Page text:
step into the fire – kalyanamitra & constructive social change

On 2011 March 12, nineteen Chaplaincy candidates in the Upaya Chaplaincy program received jukai as part of the two-year training.  Along with us, three other spiritual friends received the kai and another took novice priest ordination.  This last is significant for being a ceremony in which two women Zen masters ordained a woman.

I suppose all ceremonies are significant for being a moment in which the dharma is pulled further and further into the future.  It is a turning point in which past and future converge for constructive social change.  But how can we hold this delicate vision in an even more delicate and fleeting instant as it occurs?

As Frank and I sat in our favourite restaurant having brunch, he transmitted a powerful dharma from The Moral Imagination by John Paul Lederach.  Lederach explains Elise Boulding’s concept of a moment as being a “two-hundred-year-present.”  This is how it works: remember the hand of the oldest person you held (your grandmother, great-grandfather) and that of the newest member of your family.  Subtract the date of birth of the oldest person from the potential date of the passing of the youngest.  This is your 200-year present.  My “200-year present” spans from 1899 to 2080.  As Lederach writes, it is the moment “made up of the lives that touched (him) and of those (he) will touch.”

A spiritual community must also take this broad scope of time.  We cannot as spiritual friends hold to the narrowed vision of attraction and repulsion in each moment.  As each cohort of practitioners steps into the fire, this 200-year moment becomes the turning point from which our future is born.  As a practice that is based in a heart-to-heart, hand-to-hand connection we are touched by hands that have touched a lineage of teachers; and we, in turn, touch hands that will be touched as teachers.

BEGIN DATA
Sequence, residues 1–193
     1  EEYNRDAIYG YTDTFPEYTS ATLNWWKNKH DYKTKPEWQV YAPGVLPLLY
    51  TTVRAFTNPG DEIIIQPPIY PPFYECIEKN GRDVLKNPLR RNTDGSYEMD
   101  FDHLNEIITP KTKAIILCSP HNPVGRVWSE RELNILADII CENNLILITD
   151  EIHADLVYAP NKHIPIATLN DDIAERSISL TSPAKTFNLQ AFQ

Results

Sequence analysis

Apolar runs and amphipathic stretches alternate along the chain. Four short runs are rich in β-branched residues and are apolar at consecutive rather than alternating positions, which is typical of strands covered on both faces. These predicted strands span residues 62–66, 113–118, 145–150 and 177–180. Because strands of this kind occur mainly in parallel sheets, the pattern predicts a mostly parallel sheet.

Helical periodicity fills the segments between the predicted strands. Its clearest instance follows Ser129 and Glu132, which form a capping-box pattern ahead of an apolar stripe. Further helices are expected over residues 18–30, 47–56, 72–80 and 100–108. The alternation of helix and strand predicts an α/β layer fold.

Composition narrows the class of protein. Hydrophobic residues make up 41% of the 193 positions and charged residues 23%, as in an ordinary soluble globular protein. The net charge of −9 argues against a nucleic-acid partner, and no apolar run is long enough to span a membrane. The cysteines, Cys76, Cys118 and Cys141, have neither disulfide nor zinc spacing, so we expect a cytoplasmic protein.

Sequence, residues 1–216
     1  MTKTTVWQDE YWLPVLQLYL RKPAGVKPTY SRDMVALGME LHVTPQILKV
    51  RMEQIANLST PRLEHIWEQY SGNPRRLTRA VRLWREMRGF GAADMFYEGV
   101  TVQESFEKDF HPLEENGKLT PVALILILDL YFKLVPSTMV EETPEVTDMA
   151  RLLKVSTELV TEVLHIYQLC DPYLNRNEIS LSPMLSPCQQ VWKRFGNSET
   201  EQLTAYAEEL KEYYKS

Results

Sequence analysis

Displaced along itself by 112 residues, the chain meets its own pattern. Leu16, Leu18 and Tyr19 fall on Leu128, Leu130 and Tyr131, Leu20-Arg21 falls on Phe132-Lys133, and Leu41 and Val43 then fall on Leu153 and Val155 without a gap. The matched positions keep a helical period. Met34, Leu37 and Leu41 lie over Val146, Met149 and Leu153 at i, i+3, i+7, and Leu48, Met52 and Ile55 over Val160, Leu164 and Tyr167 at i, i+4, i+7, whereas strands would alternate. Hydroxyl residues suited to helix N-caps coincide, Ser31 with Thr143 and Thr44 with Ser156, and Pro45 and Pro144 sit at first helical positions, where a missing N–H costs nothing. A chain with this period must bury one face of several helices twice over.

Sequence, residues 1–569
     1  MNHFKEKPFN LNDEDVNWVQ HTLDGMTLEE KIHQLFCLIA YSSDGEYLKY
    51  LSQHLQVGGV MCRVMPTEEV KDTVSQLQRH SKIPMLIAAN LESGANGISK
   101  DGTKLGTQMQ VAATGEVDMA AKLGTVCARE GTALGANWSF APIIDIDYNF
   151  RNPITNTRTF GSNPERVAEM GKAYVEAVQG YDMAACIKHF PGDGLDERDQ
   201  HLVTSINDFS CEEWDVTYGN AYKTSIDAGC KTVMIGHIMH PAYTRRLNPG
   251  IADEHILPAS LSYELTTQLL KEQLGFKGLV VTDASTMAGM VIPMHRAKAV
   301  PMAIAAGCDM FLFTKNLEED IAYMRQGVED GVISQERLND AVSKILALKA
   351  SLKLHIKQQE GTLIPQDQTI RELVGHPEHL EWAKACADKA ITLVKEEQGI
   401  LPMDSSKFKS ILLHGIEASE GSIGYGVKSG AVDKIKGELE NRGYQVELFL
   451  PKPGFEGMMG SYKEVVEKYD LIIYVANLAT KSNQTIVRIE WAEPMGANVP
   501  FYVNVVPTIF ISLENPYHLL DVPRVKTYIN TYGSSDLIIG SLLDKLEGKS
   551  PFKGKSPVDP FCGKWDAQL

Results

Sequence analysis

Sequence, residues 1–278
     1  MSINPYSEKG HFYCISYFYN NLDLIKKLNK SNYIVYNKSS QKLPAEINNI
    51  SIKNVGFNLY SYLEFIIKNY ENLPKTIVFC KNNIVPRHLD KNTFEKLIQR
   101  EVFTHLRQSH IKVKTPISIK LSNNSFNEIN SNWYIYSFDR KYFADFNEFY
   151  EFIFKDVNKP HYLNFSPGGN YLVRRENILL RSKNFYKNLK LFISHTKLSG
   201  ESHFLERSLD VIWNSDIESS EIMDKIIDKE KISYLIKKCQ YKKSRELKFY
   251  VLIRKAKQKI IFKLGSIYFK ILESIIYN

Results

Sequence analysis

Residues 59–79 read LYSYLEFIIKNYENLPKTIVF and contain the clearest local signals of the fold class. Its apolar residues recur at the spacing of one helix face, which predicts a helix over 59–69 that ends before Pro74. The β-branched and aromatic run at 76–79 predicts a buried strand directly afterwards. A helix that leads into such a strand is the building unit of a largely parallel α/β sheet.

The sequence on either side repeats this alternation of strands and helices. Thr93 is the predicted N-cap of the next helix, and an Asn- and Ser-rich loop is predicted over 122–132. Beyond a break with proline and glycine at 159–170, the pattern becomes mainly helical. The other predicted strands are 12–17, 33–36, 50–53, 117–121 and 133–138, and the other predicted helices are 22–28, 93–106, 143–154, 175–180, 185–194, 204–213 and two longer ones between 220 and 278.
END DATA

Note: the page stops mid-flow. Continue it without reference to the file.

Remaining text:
We cannot be limited by the moment.  Our practice, to be effective in creating change, must encompass and be the compass of all that has gone before and all that is to come.  To ask for and receive the kai is a commitment to “such a view of time (which) must take place within what we touch and know but never be limited to a fleeting moment that passes us by.” (Lederach)

Thankyou for practising,

Genju

Come Together: a Bodhisattva call to action for the Gulf oil disaster

 


My dharma friend, Maia, at The Jizo Chronicles sent out a call for us to engage fully in helping with the various aspects of the disaster following the BP oil spill in the Gulf of Mexico.  In her post today, she quotes one of the Upaya Chaplaincy candidates, Penny Alsop, whose words are too powerful to ignore:

Send your love. Take action anywhere that you can. Look at those pictures of oil covered animals and let it break your heart then take the next steps that make sense to you. Just please do not forget.

Look.  And let it break your heart.  Our practice as engaged Buddhists – and there is no other type – is to do just that (in the words of Joanna Macy): look, let it break our hearts, and then go forth with linked arms.  Maia listed many ways to help in her post.  Barry from Ox Herding also listed a number of sites that are involved in rescue and collecting donations.

On the news today, the predictions are that it will take another three months before interventions might stop the flow.  So much will be lost by then.  Please consider reaching out with anything you have, in any way you can.  It’s been a non-stop run of disasters and I know we are all feeling like we’re caught in an unending series of demands.  Yet I think finally we are allowing ourselves to be faced with real life.  Perhaps we are finally growing up and stepping up to the plate.

Let`s not squander this chance to fulfill our vow,

Genju